More information: Reissland N, Francis B, Mason J (2012) Development of Fetal Yawn Compared with Non-Yawn Mouth Openings from 24 Weeks Gestation. PLoS ONE 7(11): e50569. dx.plos.org/10.1371/journal.pone.0050569

Related Stories

More than a sign of sleepiness, yawning may cool the brain

September 19, 2011
Though considered a mark of boredom or fatigue, yawning might also be a trait of the hot-headed. Literally.

Recommended for you

Researchers identify blood biomarkers that may help diagnose, confirm concussions

April 20, 2018
Researchers from the University of California, Irvine, Georgetown University and the University of Rochester have found that specific small molecules in blood plasma may be useful in determining whether someone has sustained ...

DOR protein deficiency favors the development of obesity

April 20, 2018
Obesity is a world health problem. Excessive accumulation of fat tissue (adipose tissue) increases the risk of cardiovascular disease, hypertension, diabetes and some types of cancer. However, some obese individuals are less ...

Stem-cell technology aids 3-D printed cartilage repair

April 20, 2018
Novel stem-cell technology developed at Swinburne will be used to grow the massive number of stem cells required for a new hand-held 3-D printer that will enable surgeons to create patient-specific bone and cartilage.

Enduring cold temperatures alters fat cell epigenetics

April 19, 2018
A new study in fat cells has revealed a molecular mechanism that controls how lifestyle choices and the external environment affect gene expression. This mechanism includes potential targets for next-generation drug discovery ...

Defect in debilitating neurodegenerative disease reversed in mouse nerves

April 19, 2018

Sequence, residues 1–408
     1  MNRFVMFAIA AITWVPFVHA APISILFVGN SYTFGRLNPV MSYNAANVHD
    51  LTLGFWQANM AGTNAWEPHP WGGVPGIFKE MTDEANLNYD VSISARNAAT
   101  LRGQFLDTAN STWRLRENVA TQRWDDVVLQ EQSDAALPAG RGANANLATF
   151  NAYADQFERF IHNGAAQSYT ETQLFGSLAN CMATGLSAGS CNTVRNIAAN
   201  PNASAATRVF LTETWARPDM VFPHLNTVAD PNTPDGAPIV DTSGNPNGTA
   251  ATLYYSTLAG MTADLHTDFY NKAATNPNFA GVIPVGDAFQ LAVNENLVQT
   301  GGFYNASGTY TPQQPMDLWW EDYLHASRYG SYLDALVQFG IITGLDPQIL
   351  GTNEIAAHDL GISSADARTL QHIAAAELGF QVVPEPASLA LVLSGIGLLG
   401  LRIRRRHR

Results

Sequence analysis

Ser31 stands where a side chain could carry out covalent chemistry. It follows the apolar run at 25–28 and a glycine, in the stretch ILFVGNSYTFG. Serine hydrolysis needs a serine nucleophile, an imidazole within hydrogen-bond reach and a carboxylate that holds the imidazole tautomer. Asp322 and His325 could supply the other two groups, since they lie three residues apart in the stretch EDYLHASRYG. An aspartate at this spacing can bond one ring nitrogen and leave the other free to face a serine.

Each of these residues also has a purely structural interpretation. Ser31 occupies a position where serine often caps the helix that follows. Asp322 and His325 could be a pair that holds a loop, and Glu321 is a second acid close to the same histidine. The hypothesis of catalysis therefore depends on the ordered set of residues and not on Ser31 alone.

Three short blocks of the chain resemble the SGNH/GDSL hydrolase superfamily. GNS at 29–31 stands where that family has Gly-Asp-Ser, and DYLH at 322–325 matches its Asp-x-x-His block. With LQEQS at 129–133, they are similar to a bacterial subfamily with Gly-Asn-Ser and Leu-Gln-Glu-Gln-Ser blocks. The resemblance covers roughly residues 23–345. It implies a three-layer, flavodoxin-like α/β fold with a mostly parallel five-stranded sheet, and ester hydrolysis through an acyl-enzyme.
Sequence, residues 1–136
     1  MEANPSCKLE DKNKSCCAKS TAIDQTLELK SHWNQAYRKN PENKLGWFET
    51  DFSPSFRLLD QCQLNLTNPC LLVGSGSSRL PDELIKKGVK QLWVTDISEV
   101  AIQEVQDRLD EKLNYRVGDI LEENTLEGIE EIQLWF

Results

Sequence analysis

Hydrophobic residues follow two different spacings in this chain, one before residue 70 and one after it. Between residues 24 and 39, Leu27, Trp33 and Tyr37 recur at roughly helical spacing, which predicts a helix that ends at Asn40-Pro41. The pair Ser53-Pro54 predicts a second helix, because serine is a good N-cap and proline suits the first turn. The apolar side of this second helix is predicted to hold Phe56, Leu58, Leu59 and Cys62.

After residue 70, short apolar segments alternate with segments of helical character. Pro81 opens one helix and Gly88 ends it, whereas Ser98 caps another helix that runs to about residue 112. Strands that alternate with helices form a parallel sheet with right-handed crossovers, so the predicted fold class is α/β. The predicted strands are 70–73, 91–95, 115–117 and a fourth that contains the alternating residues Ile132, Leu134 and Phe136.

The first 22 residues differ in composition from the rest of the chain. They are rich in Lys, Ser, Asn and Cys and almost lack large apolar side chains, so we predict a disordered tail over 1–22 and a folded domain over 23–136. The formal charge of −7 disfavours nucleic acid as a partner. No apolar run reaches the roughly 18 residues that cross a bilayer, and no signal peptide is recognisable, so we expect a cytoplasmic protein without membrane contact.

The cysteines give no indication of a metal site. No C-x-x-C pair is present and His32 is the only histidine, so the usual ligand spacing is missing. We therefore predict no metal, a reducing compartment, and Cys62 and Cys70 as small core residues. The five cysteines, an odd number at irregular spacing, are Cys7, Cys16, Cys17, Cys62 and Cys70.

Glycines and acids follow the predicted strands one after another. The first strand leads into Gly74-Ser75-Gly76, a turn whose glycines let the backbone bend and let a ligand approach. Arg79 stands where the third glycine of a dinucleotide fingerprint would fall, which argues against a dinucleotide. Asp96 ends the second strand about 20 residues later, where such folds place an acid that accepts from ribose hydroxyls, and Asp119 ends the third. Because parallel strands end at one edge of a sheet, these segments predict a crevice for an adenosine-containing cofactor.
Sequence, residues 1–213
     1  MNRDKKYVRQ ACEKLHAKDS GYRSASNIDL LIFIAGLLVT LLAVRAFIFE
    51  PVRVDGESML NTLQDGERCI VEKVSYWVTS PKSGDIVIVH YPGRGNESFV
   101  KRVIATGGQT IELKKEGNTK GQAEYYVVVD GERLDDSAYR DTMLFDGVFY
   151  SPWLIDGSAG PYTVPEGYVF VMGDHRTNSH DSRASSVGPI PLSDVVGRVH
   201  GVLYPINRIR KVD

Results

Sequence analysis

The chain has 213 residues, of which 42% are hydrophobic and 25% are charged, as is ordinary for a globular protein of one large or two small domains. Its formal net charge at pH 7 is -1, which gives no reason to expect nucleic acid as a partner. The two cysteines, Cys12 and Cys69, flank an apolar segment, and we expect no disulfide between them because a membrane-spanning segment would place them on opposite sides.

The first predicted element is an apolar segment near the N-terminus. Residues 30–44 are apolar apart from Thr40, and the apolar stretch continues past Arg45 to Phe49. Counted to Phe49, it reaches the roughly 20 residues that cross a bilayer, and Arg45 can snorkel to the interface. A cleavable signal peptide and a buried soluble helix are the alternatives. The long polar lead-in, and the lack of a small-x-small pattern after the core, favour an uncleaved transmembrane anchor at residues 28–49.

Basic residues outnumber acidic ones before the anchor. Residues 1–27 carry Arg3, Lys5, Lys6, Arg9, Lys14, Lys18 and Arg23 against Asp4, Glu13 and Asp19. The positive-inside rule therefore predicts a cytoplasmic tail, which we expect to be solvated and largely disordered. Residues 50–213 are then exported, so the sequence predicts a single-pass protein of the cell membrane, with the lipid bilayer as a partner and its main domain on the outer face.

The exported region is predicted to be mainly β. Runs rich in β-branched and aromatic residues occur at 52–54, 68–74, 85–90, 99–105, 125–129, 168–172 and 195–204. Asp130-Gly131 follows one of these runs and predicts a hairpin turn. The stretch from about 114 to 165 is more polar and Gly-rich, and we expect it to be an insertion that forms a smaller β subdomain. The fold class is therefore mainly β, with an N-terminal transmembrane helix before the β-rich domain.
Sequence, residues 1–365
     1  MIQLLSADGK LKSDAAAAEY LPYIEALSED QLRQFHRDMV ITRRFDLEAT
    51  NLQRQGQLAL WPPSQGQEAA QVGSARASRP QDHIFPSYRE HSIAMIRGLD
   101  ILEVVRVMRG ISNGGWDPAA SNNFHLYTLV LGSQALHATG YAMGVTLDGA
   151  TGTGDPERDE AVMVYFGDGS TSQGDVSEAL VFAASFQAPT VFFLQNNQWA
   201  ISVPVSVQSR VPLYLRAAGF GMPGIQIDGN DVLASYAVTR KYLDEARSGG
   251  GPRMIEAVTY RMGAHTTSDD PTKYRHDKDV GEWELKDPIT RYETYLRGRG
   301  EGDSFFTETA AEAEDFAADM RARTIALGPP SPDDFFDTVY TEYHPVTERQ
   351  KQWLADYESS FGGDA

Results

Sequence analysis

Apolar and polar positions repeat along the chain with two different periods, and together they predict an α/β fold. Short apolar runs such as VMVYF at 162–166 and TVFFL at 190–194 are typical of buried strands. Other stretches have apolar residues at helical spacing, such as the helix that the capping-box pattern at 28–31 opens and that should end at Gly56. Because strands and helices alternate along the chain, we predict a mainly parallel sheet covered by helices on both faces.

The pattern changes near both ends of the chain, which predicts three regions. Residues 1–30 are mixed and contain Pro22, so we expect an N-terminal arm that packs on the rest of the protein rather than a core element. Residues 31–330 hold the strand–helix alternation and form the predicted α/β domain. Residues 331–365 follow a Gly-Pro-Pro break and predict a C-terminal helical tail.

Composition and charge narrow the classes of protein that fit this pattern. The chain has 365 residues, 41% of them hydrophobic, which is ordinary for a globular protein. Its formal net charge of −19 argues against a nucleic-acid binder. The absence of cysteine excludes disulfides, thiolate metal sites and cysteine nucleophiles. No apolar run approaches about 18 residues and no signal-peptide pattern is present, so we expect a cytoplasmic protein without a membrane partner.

Scientists have developed a new drug compound that shows promise as a future treatment for Charcot-Marie-Tooth disease, an inherited, often painful neurodegenerative condition that affects nerves in the hands, arms, feet ...

Molecule that dilates blood vessels hints at new way to treat heart disease

April 19, 2018
Americans die of heart or cardiovascular disease at an alarming rate. In fact, heart attacks, strokes and related diseases will kill an estimated 610,000 Americans this year alone. Some medications help, but to better tackle ...

1 comment

Adjust slider to filter visible comments by rank

Display comments: newest first

Tausch
not rated yet Nov 23, 2012
What does not undergo 'pretrial' regardless of later function?
A cellular/organ/function checklist dry run?

Kudos. The process of elimination impressively applied:
"Unlike us, fetuses do not yawn contagiously, nor do they yawn because they are sleepy. Instead, the frequency of yawning in the womb may be linked to the maturing of the brain early in gestation."


Please sign in to add a comment. Registration is free, and takes less than a minute. Read more

Click here to reset your password.
Sign in to get notified via email when new comments are made.